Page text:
At a recent CRICO-sponsored event, we looked back in amazement to a time when physicians, nurses, and patients openly smoked cigarettes in hospitals and other health care settings. Then we explored how, over time, policies and attitudes—that is, the workplace culture—changed smoking behavior in health care settings. Just try lighting a cigarette in or even near a hospital or doctor’s office, today.

Against that backdrop, we asked the physicians and nurses, and others, in the room to place themselves 10 years into the future and make a prediction about changes related to patient safety in their workplaces that would make them look back at 2014 in amazement. The following is a sample of their view from 2024.

It’s hard to believe that, back in 2014, we:

  • Worried that all clinicians were not reporting adverse events or near misses or good catches
  • Took over a year to build a patient portal while arguing about what to “allow’ patients to see
  • Took care of our patients in the hospital or an office
  • Shouted at colleagues while treating patients when something went wrong
  • Sequestered doctors and nurses from other health care workers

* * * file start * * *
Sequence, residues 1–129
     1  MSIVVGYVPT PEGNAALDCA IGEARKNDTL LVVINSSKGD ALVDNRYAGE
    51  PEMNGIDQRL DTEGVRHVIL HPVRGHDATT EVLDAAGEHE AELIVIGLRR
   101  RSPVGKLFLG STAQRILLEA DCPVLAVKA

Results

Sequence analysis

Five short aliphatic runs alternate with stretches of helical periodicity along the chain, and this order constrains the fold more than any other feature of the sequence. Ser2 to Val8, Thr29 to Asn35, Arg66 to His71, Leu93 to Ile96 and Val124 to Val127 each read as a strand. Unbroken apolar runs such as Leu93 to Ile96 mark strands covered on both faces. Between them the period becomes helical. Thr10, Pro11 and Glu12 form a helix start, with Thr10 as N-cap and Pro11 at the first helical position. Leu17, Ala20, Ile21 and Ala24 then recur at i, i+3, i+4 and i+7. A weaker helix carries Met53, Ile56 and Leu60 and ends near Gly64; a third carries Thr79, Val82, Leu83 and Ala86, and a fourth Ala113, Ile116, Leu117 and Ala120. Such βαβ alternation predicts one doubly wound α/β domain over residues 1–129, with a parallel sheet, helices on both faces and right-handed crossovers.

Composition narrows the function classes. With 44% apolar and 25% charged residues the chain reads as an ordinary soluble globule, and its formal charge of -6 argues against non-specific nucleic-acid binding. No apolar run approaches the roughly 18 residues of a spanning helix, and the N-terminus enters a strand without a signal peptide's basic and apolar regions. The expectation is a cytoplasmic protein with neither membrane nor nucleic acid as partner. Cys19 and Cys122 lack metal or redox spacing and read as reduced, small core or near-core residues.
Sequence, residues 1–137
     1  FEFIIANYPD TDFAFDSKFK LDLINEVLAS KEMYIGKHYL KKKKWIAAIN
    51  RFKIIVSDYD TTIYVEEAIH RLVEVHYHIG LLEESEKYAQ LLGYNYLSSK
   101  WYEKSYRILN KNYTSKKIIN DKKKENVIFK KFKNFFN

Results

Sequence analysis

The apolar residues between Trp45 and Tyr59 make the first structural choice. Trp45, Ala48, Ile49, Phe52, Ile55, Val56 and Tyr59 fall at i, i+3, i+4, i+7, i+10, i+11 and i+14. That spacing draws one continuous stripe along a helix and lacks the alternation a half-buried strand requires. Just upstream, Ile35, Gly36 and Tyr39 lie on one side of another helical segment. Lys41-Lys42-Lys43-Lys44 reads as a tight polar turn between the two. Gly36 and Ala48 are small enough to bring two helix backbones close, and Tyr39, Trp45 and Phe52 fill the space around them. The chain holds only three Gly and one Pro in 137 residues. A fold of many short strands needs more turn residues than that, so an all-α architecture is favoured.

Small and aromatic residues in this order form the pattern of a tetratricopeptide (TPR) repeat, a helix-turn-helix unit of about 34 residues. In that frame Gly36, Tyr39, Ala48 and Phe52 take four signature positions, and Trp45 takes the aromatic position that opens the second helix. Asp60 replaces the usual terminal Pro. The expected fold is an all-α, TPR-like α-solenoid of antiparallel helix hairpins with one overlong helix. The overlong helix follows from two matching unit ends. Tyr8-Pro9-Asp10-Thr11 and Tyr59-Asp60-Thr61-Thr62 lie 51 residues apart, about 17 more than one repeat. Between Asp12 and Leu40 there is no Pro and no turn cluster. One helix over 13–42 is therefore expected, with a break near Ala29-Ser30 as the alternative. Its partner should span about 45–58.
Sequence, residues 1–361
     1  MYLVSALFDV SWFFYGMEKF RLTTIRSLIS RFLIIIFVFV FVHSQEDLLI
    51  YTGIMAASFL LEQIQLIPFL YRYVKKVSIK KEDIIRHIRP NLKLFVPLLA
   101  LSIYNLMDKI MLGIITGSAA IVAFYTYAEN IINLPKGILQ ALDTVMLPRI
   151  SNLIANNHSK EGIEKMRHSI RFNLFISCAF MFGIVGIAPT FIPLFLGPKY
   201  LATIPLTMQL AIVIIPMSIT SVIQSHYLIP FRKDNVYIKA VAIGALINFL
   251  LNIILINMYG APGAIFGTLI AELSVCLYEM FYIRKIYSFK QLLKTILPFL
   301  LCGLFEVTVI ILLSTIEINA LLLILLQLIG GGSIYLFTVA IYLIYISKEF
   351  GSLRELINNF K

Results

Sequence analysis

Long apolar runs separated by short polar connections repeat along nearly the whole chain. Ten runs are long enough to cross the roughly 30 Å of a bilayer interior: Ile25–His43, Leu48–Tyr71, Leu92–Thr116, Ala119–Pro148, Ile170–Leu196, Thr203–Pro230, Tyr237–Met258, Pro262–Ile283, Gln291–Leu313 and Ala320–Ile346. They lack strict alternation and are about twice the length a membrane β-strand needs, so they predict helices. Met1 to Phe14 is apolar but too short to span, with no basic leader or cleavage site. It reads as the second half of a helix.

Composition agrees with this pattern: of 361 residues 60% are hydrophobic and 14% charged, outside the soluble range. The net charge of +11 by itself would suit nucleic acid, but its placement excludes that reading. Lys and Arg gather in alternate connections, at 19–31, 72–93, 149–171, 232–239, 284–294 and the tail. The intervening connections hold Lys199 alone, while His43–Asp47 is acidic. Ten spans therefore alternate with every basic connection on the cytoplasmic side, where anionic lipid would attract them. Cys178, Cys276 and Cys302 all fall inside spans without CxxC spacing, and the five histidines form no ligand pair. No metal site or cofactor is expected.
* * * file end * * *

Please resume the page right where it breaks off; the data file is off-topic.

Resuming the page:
• Kept adverse events a secret from staff
  • Expected patients to make their own appointments for consults and follow-up
  • Blamed people working in bad systems versus looking at the process and making that better

It’s hard to believe that back in 2014 we didn’t:

  • Allow patients full access to all parts of their medical record so that they could truly partner with us in their care
  • Always wash our hands when seeing patients
  • Feel comfortable stopping the line when something didn’t seem right
  • Fully sanitize mobile devices that continually contaminated
  • Have a standardized handoff process
  • Have efficient systems for formally tracking/following up on abnormal test results
  • Respond effectively to every instance of disrespectful behavior
  • Round on patients as an interdisciplinary team

Certainly, achieving significant change will be difficult, but that does not mean impossible. Our exercise in looking back from the future serves to give us mental images of what we are striving for, i.e., what we hope to see when the smoke clears.

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